An original screenplay that is in writing already has common law copyright protection against infringement. You can obtain additional protection against infringement by registering your copyright with the U.S. Copyright Office. International copyright protection is also available in nations that have copyright relations with the United States.
Common Law Copyrights
A common law copyright is automatically created as soon as an original work of authorship is in a tangible medium. You may enforce it even if it is not registered by suing for infringement in a state court. The main disadvantage of suing on a common law copyright is that you must either prove the amount of damages you suffered, which can be difficult in a copyright infringement case, or prove that the infringement was intentional. If you are successful, the court will award you the amount of damages you proved and, if the infringement was intentional, the amount of the defendant's profits. For example, if the defendant created a screenplay with a storyline identical to yours, he might claim "innocent infringement" -- that he created it independently, unaware that you had created the story before he did. If you couldn't prove your damages and the court accepted his innocent infringement argument, the court would award you nothing even if he sold the screenplay to a Hollywood studio for millions of dollars. If the court did not accept his innocent infringement claim, it might award the screenplay's sales price to you.
You can register your copyright by visiting the website of the U.S. Copyright Office. You can fill out an online application, upload a digital copy of your screenplay and pay a filing fee. The electronic filing fee at the time of publication is $35 per work, or $50 per work if you apply by surface mail.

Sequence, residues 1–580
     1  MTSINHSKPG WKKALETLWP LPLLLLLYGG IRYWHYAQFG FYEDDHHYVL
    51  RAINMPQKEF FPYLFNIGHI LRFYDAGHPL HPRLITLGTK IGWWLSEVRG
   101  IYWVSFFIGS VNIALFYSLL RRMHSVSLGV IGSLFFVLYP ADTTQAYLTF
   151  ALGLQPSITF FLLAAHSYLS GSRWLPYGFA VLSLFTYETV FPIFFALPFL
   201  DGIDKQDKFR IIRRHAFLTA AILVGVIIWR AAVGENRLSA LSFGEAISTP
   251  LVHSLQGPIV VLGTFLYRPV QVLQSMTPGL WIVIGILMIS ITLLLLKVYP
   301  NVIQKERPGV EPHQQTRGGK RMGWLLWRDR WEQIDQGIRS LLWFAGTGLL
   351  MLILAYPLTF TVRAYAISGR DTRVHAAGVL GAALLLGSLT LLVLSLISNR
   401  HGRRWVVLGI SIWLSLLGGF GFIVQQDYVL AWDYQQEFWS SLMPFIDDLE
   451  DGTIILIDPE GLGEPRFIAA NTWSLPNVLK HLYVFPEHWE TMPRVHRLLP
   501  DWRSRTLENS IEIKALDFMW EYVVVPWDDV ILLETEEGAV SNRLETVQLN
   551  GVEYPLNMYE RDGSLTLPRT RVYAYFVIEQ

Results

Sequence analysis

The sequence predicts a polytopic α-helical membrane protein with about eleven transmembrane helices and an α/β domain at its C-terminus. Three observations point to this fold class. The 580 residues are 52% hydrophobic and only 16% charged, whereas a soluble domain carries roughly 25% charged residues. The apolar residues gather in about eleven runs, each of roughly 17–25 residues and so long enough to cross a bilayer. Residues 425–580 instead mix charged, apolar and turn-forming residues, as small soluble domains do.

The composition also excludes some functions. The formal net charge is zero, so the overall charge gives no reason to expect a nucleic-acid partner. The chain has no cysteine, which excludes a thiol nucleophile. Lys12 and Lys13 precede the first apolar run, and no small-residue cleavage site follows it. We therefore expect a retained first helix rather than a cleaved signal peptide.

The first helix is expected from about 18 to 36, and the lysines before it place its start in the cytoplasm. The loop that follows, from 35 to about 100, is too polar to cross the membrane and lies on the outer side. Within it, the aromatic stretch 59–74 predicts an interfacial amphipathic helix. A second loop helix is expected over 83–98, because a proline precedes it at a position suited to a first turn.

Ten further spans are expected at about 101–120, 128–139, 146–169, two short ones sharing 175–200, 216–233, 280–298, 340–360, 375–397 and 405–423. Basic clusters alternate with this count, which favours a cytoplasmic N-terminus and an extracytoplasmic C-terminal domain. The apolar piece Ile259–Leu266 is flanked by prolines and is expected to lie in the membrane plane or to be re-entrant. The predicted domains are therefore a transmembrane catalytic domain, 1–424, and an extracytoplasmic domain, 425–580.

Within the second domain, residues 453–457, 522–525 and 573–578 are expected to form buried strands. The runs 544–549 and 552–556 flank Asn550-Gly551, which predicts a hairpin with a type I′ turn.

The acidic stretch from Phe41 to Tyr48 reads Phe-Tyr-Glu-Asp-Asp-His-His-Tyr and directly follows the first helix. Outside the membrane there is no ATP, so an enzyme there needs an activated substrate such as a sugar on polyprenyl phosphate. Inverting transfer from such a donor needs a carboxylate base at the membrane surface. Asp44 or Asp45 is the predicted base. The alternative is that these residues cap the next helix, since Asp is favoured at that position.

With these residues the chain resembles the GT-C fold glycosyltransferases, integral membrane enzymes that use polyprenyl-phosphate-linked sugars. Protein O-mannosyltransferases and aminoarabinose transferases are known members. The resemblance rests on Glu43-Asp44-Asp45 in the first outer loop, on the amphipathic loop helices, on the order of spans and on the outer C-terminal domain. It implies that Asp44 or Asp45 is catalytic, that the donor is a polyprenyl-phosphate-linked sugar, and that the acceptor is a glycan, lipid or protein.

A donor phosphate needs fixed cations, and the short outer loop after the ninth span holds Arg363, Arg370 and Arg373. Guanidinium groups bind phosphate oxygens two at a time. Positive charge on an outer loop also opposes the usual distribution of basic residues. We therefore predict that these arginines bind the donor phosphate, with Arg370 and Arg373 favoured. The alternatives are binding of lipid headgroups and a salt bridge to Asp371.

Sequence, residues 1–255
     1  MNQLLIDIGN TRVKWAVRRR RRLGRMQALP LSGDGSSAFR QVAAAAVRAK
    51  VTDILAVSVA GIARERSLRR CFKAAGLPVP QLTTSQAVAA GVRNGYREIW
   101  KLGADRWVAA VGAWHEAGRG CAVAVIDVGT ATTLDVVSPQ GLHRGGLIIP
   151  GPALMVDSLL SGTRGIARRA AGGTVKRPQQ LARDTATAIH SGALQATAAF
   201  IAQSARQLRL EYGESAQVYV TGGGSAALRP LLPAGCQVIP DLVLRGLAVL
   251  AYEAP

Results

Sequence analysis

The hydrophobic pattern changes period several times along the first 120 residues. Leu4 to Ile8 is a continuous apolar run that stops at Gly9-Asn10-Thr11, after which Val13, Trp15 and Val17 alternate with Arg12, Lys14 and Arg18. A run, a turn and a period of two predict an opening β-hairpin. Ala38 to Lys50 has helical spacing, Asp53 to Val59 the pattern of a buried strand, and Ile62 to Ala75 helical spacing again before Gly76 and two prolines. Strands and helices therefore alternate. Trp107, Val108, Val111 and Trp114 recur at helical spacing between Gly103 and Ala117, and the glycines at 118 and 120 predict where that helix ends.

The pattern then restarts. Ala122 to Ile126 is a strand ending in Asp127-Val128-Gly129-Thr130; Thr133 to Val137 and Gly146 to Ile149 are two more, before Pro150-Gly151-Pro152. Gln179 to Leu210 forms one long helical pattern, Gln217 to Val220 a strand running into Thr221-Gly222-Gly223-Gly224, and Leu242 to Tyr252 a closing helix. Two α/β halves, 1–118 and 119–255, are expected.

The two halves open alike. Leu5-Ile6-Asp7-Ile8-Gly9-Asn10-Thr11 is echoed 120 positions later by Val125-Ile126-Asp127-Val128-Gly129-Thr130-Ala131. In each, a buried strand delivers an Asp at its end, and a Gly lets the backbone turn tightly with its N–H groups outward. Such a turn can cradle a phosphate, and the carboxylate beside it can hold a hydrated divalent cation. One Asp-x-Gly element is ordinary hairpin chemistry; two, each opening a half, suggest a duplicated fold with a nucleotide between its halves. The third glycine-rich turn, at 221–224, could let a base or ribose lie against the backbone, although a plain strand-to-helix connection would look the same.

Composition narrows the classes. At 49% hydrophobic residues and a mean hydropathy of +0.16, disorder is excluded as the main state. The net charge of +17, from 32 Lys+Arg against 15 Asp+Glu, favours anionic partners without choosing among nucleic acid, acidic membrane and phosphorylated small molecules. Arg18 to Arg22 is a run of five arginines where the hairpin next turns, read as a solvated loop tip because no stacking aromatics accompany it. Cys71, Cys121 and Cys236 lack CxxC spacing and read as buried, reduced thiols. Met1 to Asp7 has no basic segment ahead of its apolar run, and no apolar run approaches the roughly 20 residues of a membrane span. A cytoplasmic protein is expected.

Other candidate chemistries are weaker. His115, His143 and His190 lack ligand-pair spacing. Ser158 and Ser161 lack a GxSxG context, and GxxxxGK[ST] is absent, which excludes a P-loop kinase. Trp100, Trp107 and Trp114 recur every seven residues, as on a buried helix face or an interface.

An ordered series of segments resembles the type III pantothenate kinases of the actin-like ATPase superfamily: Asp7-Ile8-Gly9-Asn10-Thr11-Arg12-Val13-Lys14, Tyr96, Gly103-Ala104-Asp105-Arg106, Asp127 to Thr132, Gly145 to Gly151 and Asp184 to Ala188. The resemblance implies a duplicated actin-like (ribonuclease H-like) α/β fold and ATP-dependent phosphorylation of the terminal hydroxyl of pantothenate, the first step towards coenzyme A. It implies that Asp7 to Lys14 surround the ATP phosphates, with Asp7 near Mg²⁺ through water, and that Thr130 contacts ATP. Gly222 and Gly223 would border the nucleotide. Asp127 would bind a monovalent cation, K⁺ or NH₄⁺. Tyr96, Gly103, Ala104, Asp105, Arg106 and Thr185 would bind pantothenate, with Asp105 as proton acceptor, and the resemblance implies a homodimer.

Benefits of Registration
You must register your screenplay with the U.S. Copyright Office before filing a copyright infringement lawsuit in federal court, although it is permissible to register after the infringement occurs. However, if you register a copyright before there is an infringement or within three months after the first publication of a work, you can claim certain alternate damages plus attorney's fees. These alternate damages are called statutory damages and can amount up to $100,000 for willful infringements. Since registration of your work makes it publicly available, it is also more difficult for a defendant to claim innocent infringement. Further, federal registration also triggers international copyright protection.
The United States is a party to several international copyright treaties, as are most of the nations of the world. Most other nations extend copyrights for works that are created in the United States and registered with the U.S. Copyright Office. Nevertheless, these nations apply their own copyright laws. Some of them require published copies to include a copyright notice -- the "c in a circle" copyright symbol, the name of the copyright holder and the year of first publication -- before they will extend copyright protection to the work.